Our society is drenched in the want of "things." Clothes, shoes, jewelry, furniture, big TVs, lots of DVDs and BluRay discs. These things are all material and have no value aside from what we give them. One can't take these "things" to their mansion in heaven, they are only for our benefit here on earth, for the few short years that we can enjoy them.

The thought of storing up my treasures in heaven and not focusing on the "stuff" that can only weigh me down here on earth has been plaguing me. I don't consider myself to be a materialistic person, and yet, I opened my closet the other day and was filled with disgust. I have all this "stuff", "things" that have no intrinsic value. They're only as important as I've made them, and I became disappointed in myself for the worth I placed on them. If I put a dollar amount on the shoes and clothes in my closet, I wonder if I would be embarrassed by that. I wonder if I would be overcome by my selfishness. I wonder if I would think about how many children I could have fed, how many wells could have been built, if medicine could have been provided for that dollar amount. I wonder...

Now, I realize that there needs to be a balance. I understand that one cannot live one's life deny oneself of all pleasures because we have been blessed to live in a country that is financially stable. However, I wonder if I've tipped the scales in my favor, rather than someone else's...

I wonder...

Friday, September 25, 2009

Captcha, Kittens, and the City

I find "captcha" to be a funny word. Its quite enjoyable to say, as well. It kind of just rolls off one's tongue like butter off of a piece of corn on the cob. I'm wondering if I took a poll right now, how many of you would know what that word is referring to. It may be more common knowledge now, but several years ago people looked at me like I was attempting to create my own form of pig latin or something.

In case you don't know, captcha is the computer generated way of ensuring that a human is posting something, like a comment on this blog, rather than just a spider out on the internet on a spamming trip. It shows up in the form of those funny words that you have to input into a text box. Some are sheer gibberish, but others are quite amusing. I must say, has done a fabulous job with their captcha words. They're variations of English words, or just odd spellings of them. Its quite entertaining, really.

On another note, I have been living in Philadelphia for 3 weeks now, and I have only been downtown once. This is nearly shameful. I believe that I have simply been too busy and tired to have the energy to venture out. I may have to carve out some time tomorrow. Because, really, wasn't being close to the city half the reason for me moving down here? Geez!

If anyone is in the market for a 5 month old kitten, please feel free to let me know. He is so cute that one almost can't stand it. And he'll only make you completely insane 97% of the time. He will snuggle up with you and then kneed his claws into your neck. He loves to play, particularly with any piece of flesh he can get his teeth on. You can have nifty art work on your hands from all the scratch marks, added bonus! He will bite your toes and jump on your face. I've learned to keep a water bottle attached to me at all times for the sake of my phalanges. But he sure is cute...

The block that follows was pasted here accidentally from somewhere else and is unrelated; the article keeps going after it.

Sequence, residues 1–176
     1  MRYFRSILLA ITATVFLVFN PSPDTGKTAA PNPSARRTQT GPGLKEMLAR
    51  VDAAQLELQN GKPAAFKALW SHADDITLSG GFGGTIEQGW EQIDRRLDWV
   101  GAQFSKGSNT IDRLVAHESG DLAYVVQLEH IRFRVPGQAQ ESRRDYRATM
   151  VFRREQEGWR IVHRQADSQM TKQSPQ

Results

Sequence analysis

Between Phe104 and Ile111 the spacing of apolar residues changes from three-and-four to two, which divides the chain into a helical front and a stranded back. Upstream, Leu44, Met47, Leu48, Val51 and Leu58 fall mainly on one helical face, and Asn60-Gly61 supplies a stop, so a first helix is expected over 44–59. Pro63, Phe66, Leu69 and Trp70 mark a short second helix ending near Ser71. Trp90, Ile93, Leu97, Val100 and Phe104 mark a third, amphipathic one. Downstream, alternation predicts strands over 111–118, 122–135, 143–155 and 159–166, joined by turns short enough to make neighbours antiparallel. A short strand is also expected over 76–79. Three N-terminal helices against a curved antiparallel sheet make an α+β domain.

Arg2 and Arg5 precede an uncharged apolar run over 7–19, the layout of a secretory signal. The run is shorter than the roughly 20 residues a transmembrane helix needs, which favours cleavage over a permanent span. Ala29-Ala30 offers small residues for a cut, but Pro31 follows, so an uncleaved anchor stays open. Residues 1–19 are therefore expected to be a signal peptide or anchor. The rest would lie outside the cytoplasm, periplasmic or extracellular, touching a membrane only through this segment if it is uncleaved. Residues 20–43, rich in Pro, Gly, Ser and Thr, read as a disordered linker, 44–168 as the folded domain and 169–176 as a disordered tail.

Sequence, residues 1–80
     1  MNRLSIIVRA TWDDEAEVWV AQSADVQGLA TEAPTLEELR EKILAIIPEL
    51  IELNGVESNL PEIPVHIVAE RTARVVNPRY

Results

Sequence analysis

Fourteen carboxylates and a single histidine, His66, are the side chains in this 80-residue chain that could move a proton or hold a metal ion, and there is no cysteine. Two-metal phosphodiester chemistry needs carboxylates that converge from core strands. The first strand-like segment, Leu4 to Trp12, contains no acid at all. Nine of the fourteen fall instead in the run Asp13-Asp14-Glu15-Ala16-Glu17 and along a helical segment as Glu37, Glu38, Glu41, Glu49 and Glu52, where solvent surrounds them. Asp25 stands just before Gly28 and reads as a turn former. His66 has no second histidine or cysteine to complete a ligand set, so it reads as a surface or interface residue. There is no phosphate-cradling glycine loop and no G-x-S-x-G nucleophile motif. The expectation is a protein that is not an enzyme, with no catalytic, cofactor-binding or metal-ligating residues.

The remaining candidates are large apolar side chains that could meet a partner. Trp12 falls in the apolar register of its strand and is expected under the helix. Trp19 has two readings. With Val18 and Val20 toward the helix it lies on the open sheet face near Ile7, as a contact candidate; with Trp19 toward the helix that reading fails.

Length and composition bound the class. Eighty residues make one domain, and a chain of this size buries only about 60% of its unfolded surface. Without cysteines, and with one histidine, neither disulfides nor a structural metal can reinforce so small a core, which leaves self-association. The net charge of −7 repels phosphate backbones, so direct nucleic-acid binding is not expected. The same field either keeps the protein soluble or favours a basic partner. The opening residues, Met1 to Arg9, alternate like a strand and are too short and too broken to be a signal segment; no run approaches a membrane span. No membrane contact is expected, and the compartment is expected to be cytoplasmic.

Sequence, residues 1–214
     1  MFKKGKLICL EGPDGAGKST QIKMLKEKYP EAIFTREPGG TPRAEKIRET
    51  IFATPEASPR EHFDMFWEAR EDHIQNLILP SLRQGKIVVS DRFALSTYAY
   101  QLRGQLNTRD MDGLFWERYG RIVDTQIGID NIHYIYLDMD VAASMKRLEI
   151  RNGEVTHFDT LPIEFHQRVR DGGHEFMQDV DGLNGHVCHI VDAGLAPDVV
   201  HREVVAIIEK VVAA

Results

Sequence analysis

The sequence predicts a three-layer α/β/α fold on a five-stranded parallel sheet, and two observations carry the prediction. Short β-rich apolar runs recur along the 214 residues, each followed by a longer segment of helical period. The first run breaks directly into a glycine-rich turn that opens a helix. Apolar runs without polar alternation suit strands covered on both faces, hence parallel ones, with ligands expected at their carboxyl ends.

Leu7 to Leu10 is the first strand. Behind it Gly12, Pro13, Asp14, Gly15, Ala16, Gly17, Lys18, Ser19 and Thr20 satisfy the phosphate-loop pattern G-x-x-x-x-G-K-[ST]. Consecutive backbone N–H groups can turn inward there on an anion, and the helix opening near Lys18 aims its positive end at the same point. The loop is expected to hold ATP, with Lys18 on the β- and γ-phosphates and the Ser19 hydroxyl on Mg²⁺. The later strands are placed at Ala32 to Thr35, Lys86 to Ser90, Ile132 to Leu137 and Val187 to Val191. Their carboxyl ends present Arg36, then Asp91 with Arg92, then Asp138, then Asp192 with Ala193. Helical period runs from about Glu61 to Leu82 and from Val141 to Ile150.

Sunday, September 20, 2009

Coffee and Sacrifice

First, I'd like to point out that I'm writing this while soaring thousands of feet above the ground aboard a 737 aircraft. I wonder what the Wright brothers would have thought if they knew that their first very primitive flight would eventually lead to such things. The advent of technology provides the average joe with luxuries that are almost silly in their unecessity.

However, I am grateful for the ridiculousness of modern day life because it affords me the opportunity to put down my thoughts, regardless of my location and proximity to solid earth. I have spent significant minutes and hours as of late pondering the concept of sacrifice. True, painful sacrifice. Not just the giving up of niceties that allows us comfort throughout our normal day. I mean the kind of sacrifice in that God asks us to give up everything, to leave behind the normalcy and amenities of Western life in an industrialized nation.

I attended a benefit performance this past Sunday that was raising funds for clean water wells in Africa. This is a strong interest, dare I say passion, of mine because of the seriousness of the lack of clean, sanitized water. Wars are fought over water. Thousands of people die each day from water related illnesses that are so preventable. Entire nations can be devestated with sickness, famine, and war all because of the scarcity of water. During the performance, each audience memeber was charged with a very simple task: drink nothing but water for the next 2 week. With all of the money that is saved from not purchasing soda, wine, beer, tea would be tallied up at the end of the fortnight and then sent to the sponsoring organization for the continuation of the project in Africa.

Simple enough, right? Try it and realize that the sacrifice of something so simple is in reality difficult. I have been drinking tea and coffee and beer and wine since then (although, I did not pay for any of it). The simplicity of needing that boost of caffeine in the morning or the casual drink with a friend after work is suddenly interrupted if you are sacrificing something so simple. I am ashamed of not giving up something so very elementary.

I suppose I am telling you this out of guilt. Yesterday found me picking up Elizabeth Elliot's biography on Amy Carmichael, a missionary in India over a hundred years ago. She decided at about the ripe age of 24 that God had a calling on her life to go to the nations. Twenty-four. Here I am, three years the senior, and I can't even give up coffee for 2 weeks. Its shameful.

I don't understand the concept of sacrifice. Not really. Sure, I may know how to give up the comforts of life sometimes. But could I do it permanently if so called to do so? Can I discipline myself enough to learn to give things up? To be selfless, truly selfless?